Marking 25 years since Chernobyl catastrophe

A quarter of a century ago the world awoke to the worst nuclear accident it has ever seen. Commemoration services are being held on Tuesday throughout the region.

­The explosion at Chernobyl sent a huge plume of radioactive smoke across much of Europe, leaving the land in the 30-kilometer exclusion zone poisoned for thousands of years.

Some six weeks have passed since the world witnessed another nuclear disaster unfold around Japan’s Fukushima-1 nuclear power plant. Today, the tension shifts to Ukraine, as the country marks the 25th anniversary of the Chernobyl catastrophe. Commemorations in Kiev began exactly at the time when the disaster happened 25 years ago – at 1:23am, when an explosion blew the roof off reactor 4.

The service was led by Russian Orthodox Patriarch Kirill near a monument to firefighters and cleanup workers who died soon after the accident from radiation sickness. Russian President Dmitry Medvedev has joined his Ukrainian counterpart Viktor Yanukovich for a memorial ceremony in Chernobyl.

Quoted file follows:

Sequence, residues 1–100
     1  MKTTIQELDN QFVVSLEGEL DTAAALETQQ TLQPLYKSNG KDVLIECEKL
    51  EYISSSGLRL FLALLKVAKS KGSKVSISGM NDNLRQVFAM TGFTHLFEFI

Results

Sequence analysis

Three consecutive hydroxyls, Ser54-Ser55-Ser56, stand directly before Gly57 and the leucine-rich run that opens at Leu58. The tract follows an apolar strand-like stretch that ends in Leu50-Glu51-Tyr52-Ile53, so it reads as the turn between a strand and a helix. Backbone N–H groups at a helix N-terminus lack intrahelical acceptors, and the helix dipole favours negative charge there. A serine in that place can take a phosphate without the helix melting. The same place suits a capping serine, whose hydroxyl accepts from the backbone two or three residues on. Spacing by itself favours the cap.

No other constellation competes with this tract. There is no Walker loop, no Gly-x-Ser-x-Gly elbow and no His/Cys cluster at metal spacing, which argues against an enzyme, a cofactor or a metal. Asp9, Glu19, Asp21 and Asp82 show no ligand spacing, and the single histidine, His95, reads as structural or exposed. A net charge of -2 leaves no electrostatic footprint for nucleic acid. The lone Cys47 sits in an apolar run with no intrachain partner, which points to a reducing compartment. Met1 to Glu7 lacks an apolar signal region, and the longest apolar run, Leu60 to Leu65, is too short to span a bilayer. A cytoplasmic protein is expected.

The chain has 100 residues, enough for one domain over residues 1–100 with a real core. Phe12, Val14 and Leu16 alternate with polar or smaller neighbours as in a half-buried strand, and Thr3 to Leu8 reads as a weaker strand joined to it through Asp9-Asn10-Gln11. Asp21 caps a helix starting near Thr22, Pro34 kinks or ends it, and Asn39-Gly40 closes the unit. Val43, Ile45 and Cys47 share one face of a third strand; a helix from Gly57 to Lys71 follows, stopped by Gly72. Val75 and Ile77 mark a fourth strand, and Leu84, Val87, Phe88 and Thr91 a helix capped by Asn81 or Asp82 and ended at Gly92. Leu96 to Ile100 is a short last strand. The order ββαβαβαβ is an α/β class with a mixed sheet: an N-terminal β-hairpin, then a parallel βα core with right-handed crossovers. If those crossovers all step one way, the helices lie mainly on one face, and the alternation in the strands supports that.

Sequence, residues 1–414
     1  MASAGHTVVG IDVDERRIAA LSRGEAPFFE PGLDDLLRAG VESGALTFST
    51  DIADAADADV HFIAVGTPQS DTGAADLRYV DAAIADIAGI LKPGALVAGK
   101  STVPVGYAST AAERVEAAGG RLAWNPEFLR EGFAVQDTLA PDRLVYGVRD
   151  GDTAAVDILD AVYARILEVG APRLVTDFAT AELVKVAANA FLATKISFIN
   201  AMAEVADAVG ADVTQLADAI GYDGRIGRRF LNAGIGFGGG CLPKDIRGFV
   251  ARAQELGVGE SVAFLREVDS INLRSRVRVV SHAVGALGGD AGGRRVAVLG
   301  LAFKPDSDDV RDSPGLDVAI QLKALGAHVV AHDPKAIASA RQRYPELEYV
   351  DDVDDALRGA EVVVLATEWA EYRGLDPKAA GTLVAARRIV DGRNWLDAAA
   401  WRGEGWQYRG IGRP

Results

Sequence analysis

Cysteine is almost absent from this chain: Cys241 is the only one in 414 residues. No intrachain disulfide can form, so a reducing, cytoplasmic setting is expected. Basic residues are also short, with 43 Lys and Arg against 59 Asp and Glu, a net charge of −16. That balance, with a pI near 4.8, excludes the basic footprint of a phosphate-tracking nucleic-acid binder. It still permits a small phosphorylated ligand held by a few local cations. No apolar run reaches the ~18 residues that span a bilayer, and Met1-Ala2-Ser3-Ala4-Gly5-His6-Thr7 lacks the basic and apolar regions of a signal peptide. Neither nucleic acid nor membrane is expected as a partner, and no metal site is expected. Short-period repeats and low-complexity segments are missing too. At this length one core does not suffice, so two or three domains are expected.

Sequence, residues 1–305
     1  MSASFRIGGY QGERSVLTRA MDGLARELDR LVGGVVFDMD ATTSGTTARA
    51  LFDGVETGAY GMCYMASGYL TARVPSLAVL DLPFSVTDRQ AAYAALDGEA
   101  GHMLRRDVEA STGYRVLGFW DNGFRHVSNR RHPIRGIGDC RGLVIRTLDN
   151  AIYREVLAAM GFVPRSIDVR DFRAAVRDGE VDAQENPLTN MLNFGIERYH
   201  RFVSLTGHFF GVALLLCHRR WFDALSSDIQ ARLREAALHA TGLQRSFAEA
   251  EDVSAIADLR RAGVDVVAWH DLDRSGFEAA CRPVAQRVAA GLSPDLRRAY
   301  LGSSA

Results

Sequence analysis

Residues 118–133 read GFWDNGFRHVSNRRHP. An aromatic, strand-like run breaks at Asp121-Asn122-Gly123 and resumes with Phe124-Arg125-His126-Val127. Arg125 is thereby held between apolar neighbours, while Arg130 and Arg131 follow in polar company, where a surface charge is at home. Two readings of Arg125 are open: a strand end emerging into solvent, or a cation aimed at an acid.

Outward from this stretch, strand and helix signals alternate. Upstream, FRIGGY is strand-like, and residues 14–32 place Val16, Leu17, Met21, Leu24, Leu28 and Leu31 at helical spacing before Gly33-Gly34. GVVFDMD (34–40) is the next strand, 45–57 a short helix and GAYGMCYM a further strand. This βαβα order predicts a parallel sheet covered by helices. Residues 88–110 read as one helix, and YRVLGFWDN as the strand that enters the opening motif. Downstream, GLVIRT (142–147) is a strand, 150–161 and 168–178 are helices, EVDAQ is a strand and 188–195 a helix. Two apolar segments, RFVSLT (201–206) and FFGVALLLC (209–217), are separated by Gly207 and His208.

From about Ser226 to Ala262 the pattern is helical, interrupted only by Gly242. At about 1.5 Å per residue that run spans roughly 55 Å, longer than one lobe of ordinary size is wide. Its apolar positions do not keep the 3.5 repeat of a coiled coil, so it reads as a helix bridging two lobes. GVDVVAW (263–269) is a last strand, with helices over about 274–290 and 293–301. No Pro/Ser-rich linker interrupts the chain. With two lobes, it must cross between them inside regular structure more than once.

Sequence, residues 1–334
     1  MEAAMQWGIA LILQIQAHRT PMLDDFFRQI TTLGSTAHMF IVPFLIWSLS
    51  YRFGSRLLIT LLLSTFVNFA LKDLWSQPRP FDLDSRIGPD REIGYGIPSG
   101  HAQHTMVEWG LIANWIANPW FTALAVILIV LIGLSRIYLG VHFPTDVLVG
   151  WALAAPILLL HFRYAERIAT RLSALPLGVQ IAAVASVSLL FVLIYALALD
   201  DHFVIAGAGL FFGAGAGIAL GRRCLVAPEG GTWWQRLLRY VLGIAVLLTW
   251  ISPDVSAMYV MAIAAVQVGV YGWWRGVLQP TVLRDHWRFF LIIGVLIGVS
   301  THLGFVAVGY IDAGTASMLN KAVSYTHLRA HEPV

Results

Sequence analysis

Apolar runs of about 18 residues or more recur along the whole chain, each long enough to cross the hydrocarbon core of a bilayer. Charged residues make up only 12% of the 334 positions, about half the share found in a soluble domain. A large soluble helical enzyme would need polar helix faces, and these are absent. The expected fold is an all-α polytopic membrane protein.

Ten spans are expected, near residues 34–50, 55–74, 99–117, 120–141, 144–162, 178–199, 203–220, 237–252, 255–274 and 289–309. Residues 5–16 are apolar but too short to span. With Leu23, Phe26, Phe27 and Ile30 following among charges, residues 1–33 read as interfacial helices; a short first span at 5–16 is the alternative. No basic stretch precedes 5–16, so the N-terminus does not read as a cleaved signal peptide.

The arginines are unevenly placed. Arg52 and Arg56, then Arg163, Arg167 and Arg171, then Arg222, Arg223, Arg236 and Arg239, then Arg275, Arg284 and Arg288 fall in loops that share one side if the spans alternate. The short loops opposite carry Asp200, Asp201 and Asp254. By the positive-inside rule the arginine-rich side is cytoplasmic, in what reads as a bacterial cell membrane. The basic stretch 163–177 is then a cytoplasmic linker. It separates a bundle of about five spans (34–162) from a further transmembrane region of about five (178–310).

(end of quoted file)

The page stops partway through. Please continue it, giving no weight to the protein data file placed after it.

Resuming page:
The labor of a huge amount of citizens from Ukraine and Russia was put in to deal with the aftermath of this tragedy,” said President Dmitry Medvedev at a commemoration ceremony in Chernobyl, praising those who risked their lives cleaning up after a nuclear explosion shook the Soviet nuclear plant. “In the face of such disasters, we should be honest – it is the government’s obligation to tell people the truth. We need to admit that back then, the government was not always doing the right thing.

In April 1986, a fire that raged for a week and a half spewed vast amounts of radiation into the air – 200 times the amount of radiation from the nuclear bombs dropped on Hiroshima and Nagasaki, according to Greenpeace.

Approximately 8.5 million people in Ukraine, Russia and Belarus were exposed to high levels of radiation. Thirty-two lives were lost immediately and 30 more in the weeks following the accident. Some 600,000 liquidators worked at different times on the site to put out the fire and clean the area.

Estimates as to the total number of deaths that potentially resulted from the accident vary enormously. The World Health Organization puts it at 4,000, Greenpeace at 200,000, while independent Russian publications go up to 985,000 deaths.